Germany-watchers and many Germans have long been sour about the unified country. Often for well-founded reasons, there are few policy or cultural areas that have not been subjected to withering criticism: failed integration of immigrants, an antiquated political economy, insufficient coming-to-terms with the past, atrophied parties, or lackluster foreign policy. Nevertheless, the twentieth anniversary of the fall of the Wall and unification is an appropriate moment to pause and reflect on the accomplishments of contemporary Germany—export champion, environmental pioneer, cultural leader, and staunch multilateral European. Despite all of the problems of the last twenty years and the daunting challenges ahead, perhaps Germans can dare some cautious optimism and even a sense of pride.
The elections for the German Bundestag on 24 September 2017 saw heavy losses for the two governing parties—the Christian Democratic Union (cdu) and the Social Democratic Party (spd)—and the rise of the right-populist Alternative for Germany (AfD). It took almost six months for a new grand coalition to be formed in light of the extremely fragmented parliament. Despite the good economic situation and relative calm domestically and internationally, much change is occurring under the surface. Most importantly, the country is preparing for the end of Chancellor Angela Merkel’s long tenure. Who and what will come next? Can the surging AfD be contained? Will Germany step up into the leadership role for which so many have called?
Jörg Friedrich, Der Brand: Deutschland im Bombenkreig 1940-1945 (Munich: Propyläen Verlag, 2002)
Günther Grass, Crabwalk (Orlando: Harcourt, 2002)
W. G. Sebald, On the Natural History of Destruction (New York: Random House, 2003)
Robert Gellately and Ben Kiernan, eds., The Specter of Genocide: Mass Murder in Historical Perspective (New York: Cambridge University Press, 2003)
Jan-Werner Müller, ed., Memory and Power in Post-War Europe: Studies in the Presence of the Past (New York: Cambridge University Press, 2002)
Micha Brumlik, Hajo Funke and Lars Rensmann, Umkämpftes Vergessen: Walser-Debatte, Holocaust-Mahnmal und neuere deutsche Geschichtspolitik (Berlin: Verlag Das Arabische Buch, 2000)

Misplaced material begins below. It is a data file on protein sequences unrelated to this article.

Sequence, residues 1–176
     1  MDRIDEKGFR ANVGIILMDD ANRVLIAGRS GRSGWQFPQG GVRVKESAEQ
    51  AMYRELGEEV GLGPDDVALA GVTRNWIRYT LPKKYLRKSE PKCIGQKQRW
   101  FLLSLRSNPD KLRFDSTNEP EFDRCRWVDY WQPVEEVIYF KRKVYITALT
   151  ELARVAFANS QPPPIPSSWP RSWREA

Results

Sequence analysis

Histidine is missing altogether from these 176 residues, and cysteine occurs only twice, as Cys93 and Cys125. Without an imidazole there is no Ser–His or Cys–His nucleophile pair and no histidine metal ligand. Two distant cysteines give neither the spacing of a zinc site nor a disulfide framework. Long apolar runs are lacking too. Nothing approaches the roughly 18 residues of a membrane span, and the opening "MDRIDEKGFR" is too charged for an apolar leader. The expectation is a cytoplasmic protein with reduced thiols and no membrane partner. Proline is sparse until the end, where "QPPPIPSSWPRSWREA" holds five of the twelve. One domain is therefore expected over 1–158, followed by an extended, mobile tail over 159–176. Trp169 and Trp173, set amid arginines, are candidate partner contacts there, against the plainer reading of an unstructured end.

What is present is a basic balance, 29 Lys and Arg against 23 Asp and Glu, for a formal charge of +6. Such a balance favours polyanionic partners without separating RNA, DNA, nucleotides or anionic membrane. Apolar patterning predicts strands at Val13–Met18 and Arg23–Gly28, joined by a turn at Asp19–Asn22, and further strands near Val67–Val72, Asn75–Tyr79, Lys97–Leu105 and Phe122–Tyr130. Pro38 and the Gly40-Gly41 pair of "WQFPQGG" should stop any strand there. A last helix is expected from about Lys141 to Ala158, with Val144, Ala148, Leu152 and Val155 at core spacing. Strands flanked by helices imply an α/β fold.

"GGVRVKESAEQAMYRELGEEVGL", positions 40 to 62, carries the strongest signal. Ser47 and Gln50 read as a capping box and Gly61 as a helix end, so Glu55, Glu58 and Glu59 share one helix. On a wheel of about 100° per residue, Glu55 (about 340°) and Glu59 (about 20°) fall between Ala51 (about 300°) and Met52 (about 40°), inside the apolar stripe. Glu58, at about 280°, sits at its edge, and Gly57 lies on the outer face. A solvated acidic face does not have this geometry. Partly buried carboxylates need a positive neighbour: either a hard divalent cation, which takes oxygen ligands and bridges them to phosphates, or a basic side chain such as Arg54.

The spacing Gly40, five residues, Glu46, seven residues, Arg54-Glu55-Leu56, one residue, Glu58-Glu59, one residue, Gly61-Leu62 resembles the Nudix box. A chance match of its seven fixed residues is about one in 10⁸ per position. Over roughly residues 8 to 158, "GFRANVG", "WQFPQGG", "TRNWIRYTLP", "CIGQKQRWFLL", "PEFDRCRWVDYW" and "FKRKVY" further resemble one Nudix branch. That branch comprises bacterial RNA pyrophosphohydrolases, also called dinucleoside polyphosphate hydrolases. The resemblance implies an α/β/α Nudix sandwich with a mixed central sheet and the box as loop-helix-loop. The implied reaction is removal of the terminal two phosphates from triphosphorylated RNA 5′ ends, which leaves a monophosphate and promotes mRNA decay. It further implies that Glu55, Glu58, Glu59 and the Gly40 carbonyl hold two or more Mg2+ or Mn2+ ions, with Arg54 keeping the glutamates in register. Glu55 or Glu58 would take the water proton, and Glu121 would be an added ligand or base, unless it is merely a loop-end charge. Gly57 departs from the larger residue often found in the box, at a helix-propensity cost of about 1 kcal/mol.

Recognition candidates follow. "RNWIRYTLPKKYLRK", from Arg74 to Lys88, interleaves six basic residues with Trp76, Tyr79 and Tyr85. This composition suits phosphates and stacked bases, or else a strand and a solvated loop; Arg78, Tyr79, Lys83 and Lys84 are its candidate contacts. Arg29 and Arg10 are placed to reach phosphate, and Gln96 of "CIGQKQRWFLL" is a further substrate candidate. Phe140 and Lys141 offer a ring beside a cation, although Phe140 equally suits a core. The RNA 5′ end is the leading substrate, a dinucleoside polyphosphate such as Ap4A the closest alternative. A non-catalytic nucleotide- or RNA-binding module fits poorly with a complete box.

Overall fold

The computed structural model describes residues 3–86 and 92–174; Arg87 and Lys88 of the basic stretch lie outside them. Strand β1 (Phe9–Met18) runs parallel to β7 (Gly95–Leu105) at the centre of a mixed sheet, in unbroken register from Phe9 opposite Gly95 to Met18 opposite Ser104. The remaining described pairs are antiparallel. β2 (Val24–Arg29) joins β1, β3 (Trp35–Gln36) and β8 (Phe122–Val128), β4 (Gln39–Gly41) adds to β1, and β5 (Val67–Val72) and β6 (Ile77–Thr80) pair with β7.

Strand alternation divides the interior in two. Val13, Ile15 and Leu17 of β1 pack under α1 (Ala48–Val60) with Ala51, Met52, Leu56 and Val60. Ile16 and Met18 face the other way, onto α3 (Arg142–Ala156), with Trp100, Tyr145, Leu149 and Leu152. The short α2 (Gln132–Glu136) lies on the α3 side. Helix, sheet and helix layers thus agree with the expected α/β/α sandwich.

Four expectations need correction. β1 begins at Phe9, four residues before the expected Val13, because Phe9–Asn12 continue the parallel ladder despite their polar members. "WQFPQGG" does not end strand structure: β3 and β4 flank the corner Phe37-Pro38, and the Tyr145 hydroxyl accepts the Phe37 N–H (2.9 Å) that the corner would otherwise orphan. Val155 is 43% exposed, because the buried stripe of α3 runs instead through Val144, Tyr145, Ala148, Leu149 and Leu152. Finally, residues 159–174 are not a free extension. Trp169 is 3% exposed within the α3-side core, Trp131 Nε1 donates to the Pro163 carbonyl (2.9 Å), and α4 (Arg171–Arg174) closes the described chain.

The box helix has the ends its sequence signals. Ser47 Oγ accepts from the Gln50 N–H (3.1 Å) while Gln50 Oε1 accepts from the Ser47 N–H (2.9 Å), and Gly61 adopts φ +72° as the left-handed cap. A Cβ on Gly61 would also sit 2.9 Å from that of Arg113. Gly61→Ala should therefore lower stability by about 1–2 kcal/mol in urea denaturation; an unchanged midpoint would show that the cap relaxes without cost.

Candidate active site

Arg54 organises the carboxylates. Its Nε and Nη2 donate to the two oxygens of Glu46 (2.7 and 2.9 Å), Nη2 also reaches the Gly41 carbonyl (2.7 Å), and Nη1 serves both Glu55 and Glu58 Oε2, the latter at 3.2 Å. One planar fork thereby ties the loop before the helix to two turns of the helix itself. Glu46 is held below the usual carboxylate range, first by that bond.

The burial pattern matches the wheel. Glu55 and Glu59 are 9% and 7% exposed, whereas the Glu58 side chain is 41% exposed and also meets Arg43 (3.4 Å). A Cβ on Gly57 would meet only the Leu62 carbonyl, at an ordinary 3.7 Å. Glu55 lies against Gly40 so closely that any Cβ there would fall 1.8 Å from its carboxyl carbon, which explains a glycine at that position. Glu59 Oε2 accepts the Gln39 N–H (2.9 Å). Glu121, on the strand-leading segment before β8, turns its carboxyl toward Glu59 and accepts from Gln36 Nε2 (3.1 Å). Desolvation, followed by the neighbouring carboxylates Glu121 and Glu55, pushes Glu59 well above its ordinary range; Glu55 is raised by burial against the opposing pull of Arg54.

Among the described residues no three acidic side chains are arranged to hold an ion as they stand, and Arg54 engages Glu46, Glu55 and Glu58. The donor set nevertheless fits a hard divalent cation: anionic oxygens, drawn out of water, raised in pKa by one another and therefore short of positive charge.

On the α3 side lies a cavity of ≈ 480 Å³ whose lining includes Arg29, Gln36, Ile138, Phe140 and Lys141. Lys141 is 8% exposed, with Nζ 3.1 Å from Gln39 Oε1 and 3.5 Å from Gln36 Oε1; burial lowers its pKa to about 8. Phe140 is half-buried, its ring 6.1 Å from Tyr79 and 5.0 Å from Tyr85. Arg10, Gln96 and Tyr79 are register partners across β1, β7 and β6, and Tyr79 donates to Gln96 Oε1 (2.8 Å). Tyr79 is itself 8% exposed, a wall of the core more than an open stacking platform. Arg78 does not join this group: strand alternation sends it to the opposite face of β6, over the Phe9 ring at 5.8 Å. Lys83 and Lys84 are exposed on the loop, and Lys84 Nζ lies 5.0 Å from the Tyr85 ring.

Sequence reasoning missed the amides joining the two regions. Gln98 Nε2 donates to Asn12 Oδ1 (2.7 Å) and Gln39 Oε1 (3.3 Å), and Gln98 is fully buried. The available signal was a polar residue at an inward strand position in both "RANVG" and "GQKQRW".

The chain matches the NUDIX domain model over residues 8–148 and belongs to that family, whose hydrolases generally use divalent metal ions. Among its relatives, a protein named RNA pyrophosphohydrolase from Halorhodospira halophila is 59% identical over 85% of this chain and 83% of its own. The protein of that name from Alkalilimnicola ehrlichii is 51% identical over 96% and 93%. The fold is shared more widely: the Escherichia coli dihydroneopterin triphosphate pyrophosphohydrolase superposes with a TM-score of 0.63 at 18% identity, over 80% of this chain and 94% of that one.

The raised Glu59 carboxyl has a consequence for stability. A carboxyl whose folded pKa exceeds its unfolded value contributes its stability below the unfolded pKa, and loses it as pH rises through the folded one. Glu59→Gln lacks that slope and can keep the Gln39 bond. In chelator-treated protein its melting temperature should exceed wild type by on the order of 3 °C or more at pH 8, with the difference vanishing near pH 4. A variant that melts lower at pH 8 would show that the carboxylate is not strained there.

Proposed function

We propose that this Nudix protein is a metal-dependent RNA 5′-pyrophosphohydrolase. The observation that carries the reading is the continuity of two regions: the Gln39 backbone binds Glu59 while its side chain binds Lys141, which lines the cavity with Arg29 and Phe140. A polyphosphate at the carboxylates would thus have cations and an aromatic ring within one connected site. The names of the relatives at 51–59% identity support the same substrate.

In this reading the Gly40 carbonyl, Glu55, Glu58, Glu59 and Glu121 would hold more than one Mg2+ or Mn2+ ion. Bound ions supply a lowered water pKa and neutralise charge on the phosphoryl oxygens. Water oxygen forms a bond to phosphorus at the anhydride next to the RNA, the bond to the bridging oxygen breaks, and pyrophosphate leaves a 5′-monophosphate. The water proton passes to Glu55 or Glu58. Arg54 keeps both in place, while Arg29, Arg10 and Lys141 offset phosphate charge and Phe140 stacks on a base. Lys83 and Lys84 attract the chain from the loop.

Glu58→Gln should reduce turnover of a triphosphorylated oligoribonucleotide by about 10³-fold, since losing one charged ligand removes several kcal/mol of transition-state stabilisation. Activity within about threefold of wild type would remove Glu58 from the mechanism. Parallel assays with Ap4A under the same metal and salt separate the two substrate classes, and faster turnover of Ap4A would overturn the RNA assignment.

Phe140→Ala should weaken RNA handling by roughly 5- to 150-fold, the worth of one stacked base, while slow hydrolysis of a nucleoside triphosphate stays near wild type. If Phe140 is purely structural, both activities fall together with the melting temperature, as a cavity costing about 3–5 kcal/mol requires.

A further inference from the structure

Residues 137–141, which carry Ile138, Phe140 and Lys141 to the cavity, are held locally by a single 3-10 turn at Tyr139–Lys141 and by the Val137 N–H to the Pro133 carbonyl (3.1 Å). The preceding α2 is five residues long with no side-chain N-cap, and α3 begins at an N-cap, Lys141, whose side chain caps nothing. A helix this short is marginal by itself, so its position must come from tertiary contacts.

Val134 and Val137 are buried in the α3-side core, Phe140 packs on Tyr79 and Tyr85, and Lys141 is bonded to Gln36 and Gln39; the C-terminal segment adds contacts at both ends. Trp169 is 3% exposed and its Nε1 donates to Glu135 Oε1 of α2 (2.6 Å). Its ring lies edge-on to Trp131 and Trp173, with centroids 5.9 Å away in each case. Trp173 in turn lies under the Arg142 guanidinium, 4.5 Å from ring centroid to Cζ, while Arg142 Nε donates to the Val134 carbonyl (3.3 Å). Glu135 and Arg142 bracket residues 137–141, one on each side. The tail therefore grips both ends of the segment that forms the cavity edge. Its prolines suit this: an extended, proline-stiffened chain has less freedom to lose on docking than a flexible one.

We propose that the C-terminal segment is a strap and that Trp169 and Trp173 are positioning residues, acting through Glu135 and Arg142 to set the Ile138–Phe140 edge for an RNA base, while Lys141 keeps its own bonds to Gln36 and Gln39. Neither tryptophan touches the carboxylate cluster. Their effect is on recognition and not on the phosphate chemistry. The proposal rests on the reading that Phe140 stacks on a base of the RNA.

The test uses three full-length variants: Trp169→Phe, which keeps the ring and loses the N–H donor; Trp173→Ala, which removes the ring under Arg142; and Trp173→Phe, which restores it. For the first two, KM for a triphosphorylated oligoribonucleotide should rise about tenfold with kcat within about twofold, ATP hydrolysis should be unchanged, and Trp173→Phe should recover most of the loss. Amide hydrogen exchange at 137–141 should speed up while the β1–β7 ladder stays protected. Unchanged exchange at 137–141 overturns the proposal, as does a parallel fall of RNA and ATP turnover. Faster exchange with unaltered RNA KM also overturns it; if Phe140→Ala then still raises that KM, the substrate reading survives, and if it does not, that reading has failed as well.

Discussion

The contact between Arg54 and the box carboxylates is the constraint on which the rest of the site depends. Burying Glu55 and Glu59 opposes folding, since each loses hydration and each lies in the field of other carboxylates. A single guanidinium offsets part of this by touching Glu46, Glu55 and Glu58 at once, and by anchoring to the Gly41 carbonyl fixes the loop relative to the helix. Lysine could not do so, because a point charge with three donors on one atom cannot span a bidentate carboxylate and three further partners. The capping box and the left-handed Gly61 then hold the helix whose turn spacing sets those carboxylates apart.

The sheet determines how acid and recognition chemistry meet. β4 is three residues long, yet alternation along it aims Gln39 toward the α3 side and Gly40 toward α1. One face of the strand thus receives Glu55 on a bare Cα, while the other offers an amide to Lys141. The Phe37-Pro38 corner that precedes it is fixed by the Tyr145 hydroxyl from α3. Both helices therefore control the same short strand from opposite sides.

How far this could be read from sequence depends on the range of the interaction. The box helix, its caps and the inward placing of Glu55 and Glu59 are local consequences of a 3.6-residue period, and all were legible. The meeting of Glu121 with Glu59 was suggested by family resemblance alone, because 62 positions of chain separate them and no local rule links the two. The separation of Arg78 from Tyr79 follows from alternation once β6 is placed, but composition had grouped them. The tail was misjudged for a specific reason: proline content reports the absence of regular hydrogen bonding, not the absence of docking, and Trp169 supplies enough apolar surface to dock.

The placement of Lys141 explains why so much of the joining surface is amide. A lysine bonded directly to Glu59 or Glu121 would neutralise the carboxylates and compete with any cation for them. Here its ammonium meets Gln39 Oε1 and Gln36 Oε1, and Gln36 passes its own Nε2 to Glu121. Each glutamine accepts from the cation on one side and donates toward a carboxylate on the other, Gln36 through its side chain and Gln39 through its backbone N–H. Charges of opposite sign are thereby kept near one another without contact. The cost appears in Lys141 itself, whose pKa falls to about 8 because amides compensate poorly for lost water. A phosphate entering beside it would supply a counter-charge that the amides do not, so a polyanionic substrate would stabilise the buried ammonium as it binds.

Robert G. Moeller, War Stories: The Search for a Usable Past in the Federal Republic of Germany (Berkeley: University of California Press, 2001)
Klaus Naumann, Der Krieg als Text: Das Jahr 1945 im kulturellen Gedächtnis der Presse (Hamburg: Hamburger Edition, 1998) Klaus Neumann, Shifting Memories: The Nazi Past in the New Germany (Ann Arbor: University of Michigan Press, 2000)
One of the most important developments in the incipient Berlin Republic's memory regime has been the return of the memory of German suffering from the end and aftermath of World War II. Elite discourses about the bombing of German cities, the mass rape of German women by members of the Red Army, and, above all, the expulsion of Germans from then-Eastern Germany and elsewhere in Central and Eastern Europe have gained massive visibility in the last decade. Although many voices have lauded these developments as liberating, many others within Germany and especially in Poland—from where the vast majority of Germans were expelled—have reacted with fear. Yet, do these elite voices resonate with mass publics? Have these arguments had demonstrable effects on public opinion? This paper delves into these questions by looking at survey results from both countries. It finds that there has been a disjuncture between the criticisms of elites and average citizens, but that the barrage of elite criticisms leveled at German expellees and their initiatives now may be affecting mass attitudes in all cases.
German Reactions to Brexit